We are Content Factory 1, a global e-Commerce Solutions Company based in Germany. Our goal for this article is not to argue for or against the use of AI, but to share important considerations for its use.

While the media has largely presented the possible effects of artificial intelligence in dramatic terms, both good and bad, the same can be said of many sizable inventions. Some have proved life-changing (the Internet), while others have not (BitCoin.) 

Artificial Intelligence (AI) is a leap forward in technology. For those of us in e-commerce, where product data and content need to be constantly updated, using the support of a variety of tools is a continuous requirement. Automated tools are the next generation of these and they help you to stay competitive in the market. But, the potential risks to quality and accuracy are just as sizable. Businesses must weigh the options and decide for themselves: do we or don’t we?

For us, this isn’t an ethical question but a practical one. What matters is the quality of the content we produce and the array of services we provide to our customers. 

Using these parameters, let’s look a little closer. 

Can AI tools create high-quality content?

Today AI content generators are being used to write marketing materials, blog entries, emails, and product descriptions. The promises of these AI tools include time and resource savings as AI can produce a large volume of material in seconds. However, there are well-documented and sizable drawbacks that can negatively impact your content that must be taken into account.

To understand these, it is important to know the basics of how AI works. GPT 3 operates by recognizing patterns in existing data and making predictions for the desired output. Data-to-text AI tools rely on information input by the user to generate final content. Both use Natural Language Generation, a software process that attempts to make data understandable to humans. 

If we step back from this, one thing is clear – AI uses facts and logic to generate content. But is emotion logical? Is human instinct predictable? 

The answer to these questions is no, and that’s the value that people give to the materials and solutions they develop. They can use facts and logic, as well as add a layer of emotional understanding that makes content resonate on a deeper level. Considering that 80% of purchases are driven by emotion, not logic, this is no small factor.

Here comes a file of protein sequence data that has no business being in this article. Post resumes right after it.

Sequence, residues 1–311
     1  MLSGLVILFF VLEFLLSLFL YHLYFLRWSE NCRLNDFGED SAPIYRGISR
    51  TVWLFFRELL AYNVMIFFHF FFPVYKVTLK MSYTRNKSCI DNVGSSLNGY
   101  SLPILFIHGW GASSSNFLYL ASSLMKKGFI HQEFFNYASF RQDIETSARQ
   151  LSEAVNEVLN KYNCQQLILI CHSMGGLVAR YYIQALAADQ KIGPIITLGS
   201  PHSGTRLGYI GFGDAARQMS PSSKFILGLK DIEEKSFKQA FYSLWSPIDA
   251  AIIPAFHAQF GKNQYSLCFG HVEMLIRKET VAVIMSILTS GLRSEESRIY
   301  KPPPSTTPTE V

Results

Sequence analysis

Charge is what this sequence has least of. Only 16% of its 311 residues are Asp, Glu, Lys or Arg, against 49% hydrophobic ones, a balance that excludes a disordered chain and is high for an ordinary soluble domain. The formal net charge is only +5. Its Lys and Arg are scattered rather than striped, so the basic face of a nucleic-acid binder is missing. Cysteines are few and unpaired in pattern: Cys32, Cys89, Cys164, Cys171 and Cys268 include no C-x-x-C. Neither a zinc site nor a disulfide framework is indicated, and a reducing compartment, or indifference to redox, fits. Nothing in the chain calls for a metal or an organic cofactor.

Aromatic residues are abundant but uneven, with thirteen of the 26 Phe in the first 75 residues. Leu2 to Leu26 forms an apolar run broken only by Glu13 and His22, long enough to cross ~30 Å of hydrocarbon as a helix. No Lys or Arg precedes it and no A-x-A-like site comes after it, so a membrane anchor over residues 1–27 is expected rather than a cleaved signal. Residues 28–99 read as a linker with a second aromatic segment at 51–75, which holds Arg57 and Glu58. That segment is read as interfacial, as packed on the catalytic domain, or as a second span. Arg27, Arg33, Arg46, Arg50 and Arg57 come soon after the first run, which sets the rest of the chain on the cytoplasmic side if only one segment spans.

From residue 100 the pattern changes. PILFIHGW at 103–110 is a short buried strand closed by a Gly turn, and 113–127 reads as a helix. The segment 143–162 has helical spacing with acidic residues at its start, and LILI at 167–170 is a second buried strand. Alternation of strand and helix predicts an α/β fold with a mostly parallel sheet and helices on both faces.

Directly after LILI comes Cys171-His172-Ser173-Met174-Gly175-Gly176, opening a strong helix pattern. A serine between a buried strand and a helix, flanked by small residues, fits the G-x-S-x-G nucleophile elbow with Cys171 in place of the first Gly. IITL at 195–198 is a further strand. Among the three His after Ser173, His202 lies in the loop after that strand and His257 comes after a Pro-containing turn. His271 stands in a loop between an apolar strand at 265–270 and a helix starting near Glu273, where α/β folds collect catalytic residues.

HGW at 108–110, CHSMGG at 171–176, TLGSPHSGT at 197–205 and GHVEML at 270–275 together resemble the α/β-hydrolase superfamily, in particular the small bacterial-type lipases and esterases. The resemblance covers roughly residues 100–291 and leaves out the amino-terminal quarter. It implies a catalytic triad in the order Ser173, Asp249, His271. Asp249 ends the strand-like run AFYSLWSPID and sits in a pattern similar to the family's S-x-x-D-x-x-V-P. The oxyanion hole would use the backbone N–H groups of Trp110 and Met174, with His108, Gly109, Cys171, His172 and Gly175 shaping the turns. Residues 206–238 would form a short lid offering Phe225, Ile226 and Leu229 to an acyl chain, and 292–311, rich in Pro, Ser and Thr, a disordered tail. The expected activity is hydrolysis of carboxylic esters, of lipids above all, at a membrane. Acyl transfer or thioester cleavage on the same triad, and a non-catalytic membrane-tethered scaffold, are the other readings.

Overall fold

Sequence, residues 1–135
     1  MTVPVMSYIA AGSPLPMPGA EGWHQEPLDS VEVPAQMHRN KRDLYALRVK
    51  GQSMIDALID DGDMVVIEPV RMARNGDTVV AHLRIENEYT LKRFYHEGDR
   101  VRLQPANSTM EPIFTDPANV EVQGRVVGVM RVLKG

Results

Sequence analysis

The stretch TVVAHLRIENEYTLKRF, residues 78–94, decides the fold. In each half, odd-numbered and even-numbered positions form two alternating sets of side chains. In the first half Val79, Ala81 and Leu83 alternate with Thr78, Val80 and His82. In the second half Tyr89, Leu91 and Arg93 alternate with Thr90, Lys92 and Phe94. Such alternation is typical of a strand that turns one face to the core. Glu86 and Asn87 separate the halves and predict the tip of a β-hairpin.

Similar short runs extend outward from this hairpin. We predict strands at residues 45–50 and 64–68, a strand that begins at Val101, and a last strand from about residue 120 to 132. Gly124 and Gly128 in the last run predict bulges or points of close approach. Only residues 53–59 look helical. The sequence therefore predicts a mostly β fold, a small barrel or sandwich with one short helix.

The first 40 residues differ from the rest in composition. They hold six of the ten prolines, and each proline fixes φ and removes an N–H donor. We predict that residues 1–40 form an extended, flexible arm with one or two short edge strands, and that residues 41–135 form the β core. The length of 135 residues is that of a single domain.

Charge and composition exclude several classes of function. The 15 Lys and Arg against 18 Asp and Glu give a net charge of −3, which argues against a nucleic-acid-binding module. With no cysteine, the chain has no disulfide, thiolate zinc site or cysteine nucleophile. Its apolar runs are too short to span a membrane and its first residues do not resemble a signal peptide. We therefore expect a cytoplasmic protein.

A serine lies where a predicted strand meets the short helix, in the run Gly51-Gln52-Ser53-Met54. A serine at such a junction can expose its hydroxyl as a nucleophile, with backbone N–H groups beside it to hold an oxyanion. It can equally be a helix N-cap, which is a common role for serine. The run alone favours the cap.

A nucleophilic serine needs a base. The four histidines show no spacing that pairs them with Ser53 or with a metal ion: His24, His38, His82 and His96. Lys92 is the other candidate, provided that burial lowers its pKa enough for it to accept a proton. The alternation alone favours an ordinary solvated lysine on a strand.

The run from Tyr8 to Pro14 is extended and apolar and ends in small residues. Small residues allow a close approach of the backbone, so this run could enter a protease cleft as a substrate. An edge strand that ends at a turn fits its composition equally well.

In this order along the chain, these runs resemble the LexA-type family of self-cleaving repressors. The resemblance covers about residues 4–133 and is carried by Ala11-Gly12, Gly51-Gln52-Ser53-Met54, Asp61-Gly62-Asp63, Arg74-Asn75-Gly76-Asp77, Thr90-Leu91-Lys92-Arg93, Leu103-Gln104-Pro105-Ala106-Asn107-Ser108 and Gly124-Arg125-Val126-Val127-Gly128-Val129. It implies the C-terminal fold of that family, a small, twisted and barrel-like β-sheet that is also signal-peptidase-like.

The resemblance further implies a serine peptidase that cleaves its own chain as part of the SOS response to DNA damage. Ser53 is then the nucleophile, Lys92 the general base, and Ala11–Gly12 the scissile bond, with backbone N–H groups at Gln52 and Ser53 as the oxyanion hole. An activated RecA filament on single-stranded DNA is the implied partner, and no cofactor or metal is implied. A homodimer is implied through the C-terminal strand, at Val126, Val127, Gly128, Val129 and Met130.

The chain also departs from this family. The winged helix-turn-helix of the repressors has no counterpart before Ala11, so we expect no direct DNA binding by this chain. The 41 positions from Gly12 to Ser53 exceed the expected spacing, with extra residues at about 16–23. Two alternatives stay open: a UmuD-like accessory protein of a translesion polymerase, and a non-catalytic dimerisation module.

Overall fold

Take product descriptions, for instance. These are essential at the point of sale. They must engage potential customers, give them the information they need to make a purchase, and motivate them to take this step. 

AI variations exist that can mimic your brand’s style and tone, and output descriptions with the needed information, but they cannot think creatively and offer unique ways to present content. They can’t think of the big picture or plan ahead. Fundamentally, AI cannot empathize with the customers shopping for your product. While it may be tempting to think, “These are only product descriptions”, they are the last point of contact a consumer has with the product and must propel purchase on practical and emotional levels.

Knowledge Comes First 

Knowledge includes both semantic and contextual accuracy. Semantics defines a word or a subject, while content takes its environment and culture into account. For a product description to be contextually accurate, machines must understand natural language as humans do: based on meaning and context. This is not yet possible. Facts are not knowledge and the “new” content produced by even the latest iterations of AI is prone to misinterpretations. 


86% of consumers say authenticity is key in deciding which brands they like and support. 

Authenticity isn’t a definitive standard of measurement, however, but an approach to content that is honest and trustworthy. Retailers must trust the companies that help manage their data and maintain their product galleries. Consumers must trust that the product content they see and read is accurate. AI can be a risk to this trust.

Despite these drawbacks, AI has its value and place in ecommerce. We see it as a tool that can feed human inspiration, insight, and intelligence – and it can do this instantly. But it must take a supportive role, not one that can replace an experienced team. 

How we use AI

At Content Factory 1, our use of AI is minimal and selective; it is always in a supporting role that strengthens our team and our company. 99% of our business is man-powered. Why? Because this gives us the best content. When a complex solution is needed, we use our own tools or develop a new solution that addresses the issue at hand and empowers our customers. 

Our first question is not, “Can AI do this?” but “But how can we best do this?” We use AI without it using us: as an ally and an assistant, which allows us to maintain control. This ensures the best service and security for our business and our customers. Ultimately, it is our know-how, backed by 23 years of experience, that creates data-driven product and e-commerce solutions that drive sales. 

Content Factory 1 combines its experience with market-leading innovation to deliver tailor-made, modular, and scalable 360-degree content solutions powered by quality information. We focus on the details that drive sales at the core to create content that engages consumer interest and inspires them to purchase. Learn more at https://www.contentfactory1.com/

Share This Story!